By Jubin Katiraie
The United Nations Special Rapporteur on human rights in Iran criticised the country’s human rights record at the UN Human Rights Council on Monday, citing its crackdown on protesters and execution of children.
Javaid Rehman, who was presenting his first report to the UNHRC since he took office in July, explained that he saw “worrying patterns of intimidation, arrest, prosecution, and ill-treatment” against labour rights activists and human rights defenders, who took part in the nationwide uprising, but also against lawyers who defended their rights to freedom of expression and assembly.
Rehman urged the Iranian government to release all those still imprisoned for exercising peaceful assembly and association.
He advised that the protesters were forced into the streets due to a “myriad of challenges”, including dire working conditions, rising inflation, late or unpaid wages, decreased standards of living, high unemployment, lack of food, problems accessing health care, and a drought made more severe by the government redistributing water to their factories rather than the people.
He said: “Many have voiced their concern through protests, demonstrations, and strikes. People from diverse sections of society – from truck drivers to teachers to factory workers – across the country have protested. It is in this context of increased challenges that concerns are mounting about human rights, including the rights to freedom of peaceful assembly and to association in Iran.”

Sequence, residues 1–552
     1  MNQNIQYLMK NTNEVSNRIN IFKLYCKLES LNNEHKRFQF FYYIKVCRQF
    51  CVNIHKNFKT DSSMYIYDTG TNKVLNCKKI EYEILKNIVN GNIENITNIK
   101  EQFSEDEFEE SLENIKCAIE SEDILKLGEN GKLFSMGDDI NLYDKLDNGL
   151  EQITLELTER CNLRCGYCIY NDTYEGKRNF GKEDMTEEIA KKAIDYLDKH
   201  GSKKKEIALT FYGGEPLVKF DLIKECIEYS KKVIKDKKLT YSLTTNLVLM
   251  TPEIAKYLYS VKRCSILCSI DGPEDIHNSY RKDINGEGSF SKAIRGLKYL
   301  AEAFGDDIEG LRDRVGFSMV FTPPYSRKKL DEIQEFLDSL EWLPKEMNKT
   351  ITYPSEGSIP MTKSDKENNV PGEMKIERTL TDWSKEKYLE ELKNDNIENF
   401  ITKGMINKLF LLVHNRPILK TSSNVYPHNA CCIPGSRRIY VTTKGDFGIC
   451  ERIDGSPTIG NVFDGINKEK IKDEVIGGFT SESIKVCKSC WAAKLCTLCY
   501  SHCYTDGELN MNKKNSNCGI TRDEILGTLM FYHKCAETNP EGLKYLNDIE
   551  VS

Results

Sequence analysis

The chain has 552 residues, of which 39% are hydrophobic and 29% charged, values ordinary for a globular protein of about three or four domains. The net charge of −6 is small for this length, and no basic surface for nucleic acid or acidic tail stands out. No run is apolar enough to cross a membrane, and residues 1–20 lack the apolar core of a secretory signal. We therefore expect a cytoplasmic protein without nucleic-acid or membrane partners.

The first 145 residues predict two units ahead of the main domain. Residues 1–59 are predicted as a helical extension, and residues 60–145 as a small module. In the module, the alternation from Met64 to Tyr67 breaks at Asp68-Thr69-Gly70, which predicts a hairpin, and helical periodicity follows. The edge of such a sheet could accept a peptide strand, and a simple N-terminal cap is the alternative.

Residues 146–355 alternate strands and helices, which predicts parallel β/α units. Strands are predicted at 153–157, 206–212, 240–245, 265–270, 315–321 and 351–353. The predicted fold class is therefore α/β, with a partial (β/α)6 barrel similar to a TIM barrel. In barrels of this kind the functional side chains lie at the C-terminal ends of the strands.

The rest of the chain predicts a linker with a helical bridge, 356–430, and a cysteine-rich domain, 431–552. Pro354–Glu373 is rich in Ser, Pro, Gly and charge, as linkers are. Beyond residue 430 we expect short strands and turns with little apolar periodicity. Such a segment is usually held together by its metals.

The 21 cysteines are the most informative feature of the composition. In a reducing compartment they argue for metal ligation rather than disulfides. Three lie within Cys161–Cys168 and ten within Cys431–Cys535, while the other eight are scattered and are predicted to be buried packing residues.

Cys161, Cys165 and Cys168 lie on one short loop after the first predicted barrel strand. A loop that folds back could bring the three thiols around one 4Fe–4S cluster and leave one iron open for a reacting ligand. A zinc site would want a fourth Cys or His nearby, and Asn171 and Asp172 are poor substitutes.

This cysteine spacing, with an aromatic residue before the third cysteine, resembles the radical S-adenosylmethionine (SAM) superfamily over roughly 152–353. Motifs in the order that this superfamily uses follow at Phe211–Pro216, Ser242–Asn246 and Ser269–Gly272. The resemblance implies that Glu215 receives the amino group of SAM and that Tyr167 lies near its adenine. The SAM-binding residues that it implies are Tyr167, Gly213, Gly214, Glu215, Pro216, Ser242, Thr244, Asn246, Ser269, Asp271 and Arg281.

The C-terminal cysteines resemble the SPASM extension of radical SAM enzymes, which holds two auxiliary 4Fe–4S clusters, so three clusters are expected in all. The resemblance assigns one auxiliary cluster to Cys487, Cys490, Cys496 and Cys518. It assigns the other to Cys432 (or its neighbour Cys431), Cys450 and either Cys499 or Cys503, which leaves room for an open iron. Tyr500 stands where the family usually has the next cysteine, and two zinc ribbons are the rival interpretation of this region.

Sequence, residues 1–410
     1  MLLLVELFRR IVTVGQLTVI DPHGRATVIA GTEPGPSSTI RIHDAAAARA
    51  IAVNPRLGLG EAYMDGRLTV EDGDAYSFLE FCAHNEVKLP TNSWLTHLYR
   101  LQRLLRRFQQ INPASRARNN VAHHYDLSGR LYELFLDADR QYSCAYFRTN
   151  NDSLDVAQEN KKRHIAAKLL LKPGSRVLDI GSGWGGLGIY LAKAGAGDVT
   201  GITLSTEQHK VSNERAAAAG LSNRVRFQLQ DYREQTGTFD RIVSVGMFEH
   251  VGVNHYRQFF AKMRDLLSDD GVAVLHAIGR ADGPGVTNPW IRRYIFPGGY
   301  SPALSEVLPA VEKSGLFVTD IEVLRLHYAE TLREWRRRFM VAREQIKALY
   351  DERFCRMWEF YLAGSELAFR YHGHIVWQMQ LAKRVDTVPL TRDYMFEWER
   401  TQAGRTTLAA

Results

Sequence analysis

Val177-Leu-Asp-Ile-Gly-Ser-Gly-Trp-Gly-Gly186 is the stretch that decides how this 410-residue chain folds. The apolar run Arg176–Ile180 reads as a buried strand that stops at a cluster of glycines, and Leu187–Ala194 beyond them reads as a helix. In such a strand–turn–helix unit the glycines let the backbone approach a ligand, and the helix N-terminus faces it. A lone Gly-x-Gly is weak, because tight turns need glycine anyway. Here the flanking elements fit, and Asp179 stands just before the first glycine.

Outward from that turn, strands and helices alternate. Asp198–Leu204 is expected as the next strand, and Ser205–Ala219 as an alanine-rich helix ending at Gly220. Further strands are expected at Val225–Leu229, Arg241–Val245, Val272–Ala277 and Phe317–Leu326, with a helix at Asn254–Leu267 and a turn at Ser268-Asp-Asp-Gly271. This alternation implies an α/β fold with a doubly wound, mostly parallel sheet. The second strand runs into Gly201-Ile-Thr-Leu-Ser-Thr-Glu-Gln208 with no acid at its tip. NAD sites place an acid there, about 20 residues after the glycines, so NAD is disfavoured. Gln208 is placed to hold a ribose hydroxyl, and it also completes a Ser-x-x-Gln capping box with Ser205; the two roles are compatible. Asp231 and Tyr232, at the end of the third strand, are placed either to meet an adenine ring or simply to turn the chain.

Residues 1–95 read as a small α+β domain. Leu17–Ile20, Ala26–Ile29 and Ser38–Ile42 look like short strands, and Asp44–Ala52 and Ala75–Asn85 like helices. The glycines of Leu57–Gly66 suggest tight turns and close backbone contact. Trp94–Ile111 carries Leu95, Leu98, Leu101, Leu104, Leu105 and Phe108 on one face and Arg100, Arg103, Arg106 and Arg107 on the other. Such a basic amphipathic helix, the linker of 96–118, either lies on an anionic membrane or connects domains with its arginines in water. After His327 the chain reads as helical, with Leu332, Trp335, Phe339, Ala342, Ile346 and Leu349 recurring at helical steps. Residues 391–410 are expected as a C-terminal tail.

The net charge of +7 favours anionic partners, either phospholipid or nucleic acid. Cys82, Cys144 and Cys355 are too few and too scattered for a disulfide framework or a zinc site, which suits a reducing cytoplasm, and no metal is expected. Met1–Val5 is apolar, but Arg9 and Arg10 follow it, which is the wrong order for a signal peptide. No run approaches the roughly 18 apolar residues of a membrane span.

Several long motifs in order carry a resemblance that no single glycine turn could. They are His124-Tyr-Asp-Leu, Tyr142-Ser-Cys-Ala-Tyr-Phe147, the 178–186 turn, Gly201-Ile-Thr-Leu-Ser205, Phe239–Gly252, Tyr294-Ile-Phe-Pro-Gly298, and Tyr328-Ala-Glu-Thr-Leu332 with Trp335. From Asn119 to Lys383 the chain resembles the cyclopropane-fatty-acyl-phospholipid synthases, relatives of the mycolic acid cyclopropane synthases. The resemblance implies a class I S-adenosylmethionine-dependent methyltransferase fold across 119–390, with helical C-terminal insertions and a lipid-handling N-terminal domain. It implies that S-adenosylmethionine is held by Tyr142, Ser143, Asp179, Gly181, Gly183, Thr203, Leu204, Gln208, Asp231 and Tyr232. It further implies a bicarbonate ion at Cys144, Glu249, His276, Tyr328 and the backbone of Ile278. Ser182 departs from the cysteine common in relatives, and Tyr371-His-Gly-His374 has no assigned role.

While Rehman welcomed a reduction in the executions of drug offenders over 2018, he pointed out that, disturbingly, Iran also executed six juvenile offenders last year, and called on Iran to abolish the death penalty for children and commute all existing sentences in order to comply with international law.
He said: “The practice, illustrated in numerous cases reviewed, of waiting until the child offender reaches the age of 18 before execution, repeated postponements, and the inherent vulnerability of the child given his or her age, amounts to a pattern of torture and other ill-treatment.”
In Iran, girls can be sentenced to death at just nine-years-old, while boys can be given the death penalty at age 15, which is a breach of various UN conventions. There are at least 85 child offenders still on death row.
The Iranian Ambassador to the UN, Esmaeil Baghaei Hamaneh, denied this, but Iran has continually rejected Rehman’s requests to visit the country. Something noted by Vienna-based Iranian human rights activist Hassan Nayebhashem, who attended Monday’s meeting, in his criticism of Hamaneh’s comments.
Nayebhashem explained that Iran’s position was inconsistent and that there was nothing new about Hamaneh’s comments. Indeed, they seemed to be almost identical to those of Javad Larijani, an Iranian “human rights” official who previously addressed the council.